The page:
I've been wanting to re-read this series for what feels like for ever, and the start of the new tv series definitely sparked me to dive back into this world. I haven't yet watched the show but I wanted a new yet familiar experience and the graphic novel certainly gave me that. You definitely need to be familiar with the story because it is heavily abridged, what with being a graphic adaptation, so some scenes felt rather choppy. For example, it's sometimes not clear how Lyra has already learned s I've been wanting to re-read this series for what feels like for ever, and the start of the new tv series definitely sparked me to dive back into this world. I haven't yet watched the show but I wanted a new yet familiar experience and the graphic novel certainly gave me that. You definitely need to be familiar with the story because it is heavily abridged, what with being a graphic adaptation, so some scenes felt rather choppy. For example, it's sometimes not clear how Lyra has already learned some dark truths so early on, and then I have to remember that where we have more discussion from the novel, the adaptation has a more subtler hint, not dwelled on, to keep up the pace and cut down on time lost. I still find it odd how easy it is for a child, Lyra, to be taken into someone else's care in this book, with no relation or approval from a relative what so ever. This just emphasises how corrupt humanity is in this world (a reflection of real life?) And how anyone would do anything to benefit themselves. (view spoiler)[ the panels depicting Lyra coming through crowds atop of Iorek Byrnison made my cheeks all tingly with excitement! It was drawn very well (hide spoiler)] I found it so frustrating for Lyra to only be listened to when they needed specific information and then not listen to her other thoughts, especially when she actually had valid points to make! I do think she went about it in what you'd expect to be a childish manner, and I think this lead to her not being taken seriously a lot of the time... But then again, she's only 11! That's perhaps the only way she knows how to express her self, and I can only imagine how much more frustrating it must be when you're not listened too and feel you have something important to add! I think I thought this when I originally read the trilogy years ago (which for some reason I didn't catalogue, I'll have to update my shelves) but I like that the gender of the demon is the opposite of the person. As demons represents souls, I feel like it's a nice reflection of both the feminine and masculine attributes people have (sorry to talk soley on the generic female and male genders, but it's got context I wanted to discuss). Pan seems to be the reason why she's always caught and that grated on me at times. But again, as her soul, he's a facet of her very being and was clearly the personified fearful, wary part of her. He actually added an intelligent bount of second guessing in dangerous situations, to steer away from the rash choices that Lyra seemed to be prone to. I did find myself missing pieces of dialogue when they're right at the bottom of a panel. I kept overlooking them or thinking they were part of the bottom panels. Its was simple and fast to just go back over what I'd read, once I realised this though. The art style was simple but effective. The scenery was equistite but I found the drawing of humans a tad on the lack luster side, in comparison. It does show some gory scenes. In the books you can imagine the injust child cruelty and fantasy violence. That may be somewhat okay for a younger audience, it's their imagination, but seeing some of the scenes drawn are a little intense, when you think of the young readers it's intended for. I'm looking forward to the show. From the trailers alone it looks incredibly promising. I know the golden compass movie was apparently a bit of a flop, but I only recall seeing part of it, so perhaps I'll make a theme of it and check the movie out again, before watching the show, continue on with the graphic novel adaptations, if there are more out, and then finally begin the new Book of Dust novels... This will definitely take me some time! Pick it up, give it a go and enjoy! >(^_^)< Gén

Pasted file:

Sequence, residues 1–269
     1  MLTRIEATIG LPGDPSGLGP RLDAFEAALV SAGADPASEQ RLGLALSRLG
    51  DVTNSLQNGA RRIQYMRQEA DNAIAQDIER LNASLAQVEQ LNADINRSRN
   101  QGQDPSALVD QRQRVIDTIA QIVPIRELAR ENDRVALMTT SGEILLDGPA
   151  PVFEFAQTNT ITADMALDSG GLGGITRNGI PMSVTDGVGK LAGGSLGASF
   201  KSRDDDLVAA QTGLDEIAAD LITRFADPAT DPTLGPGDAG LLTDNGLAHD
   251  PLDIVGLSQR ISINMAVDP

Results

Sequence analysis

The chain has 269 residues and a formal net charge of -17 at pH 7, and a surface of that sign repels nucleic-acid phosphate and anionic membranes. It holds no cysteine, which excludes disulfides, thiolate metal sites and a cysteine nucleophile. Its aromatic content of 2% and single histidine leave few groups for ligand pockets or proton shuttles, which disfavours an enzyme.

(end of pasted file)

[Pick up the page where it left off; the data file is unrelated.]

18. 5 out of 5

    Samuel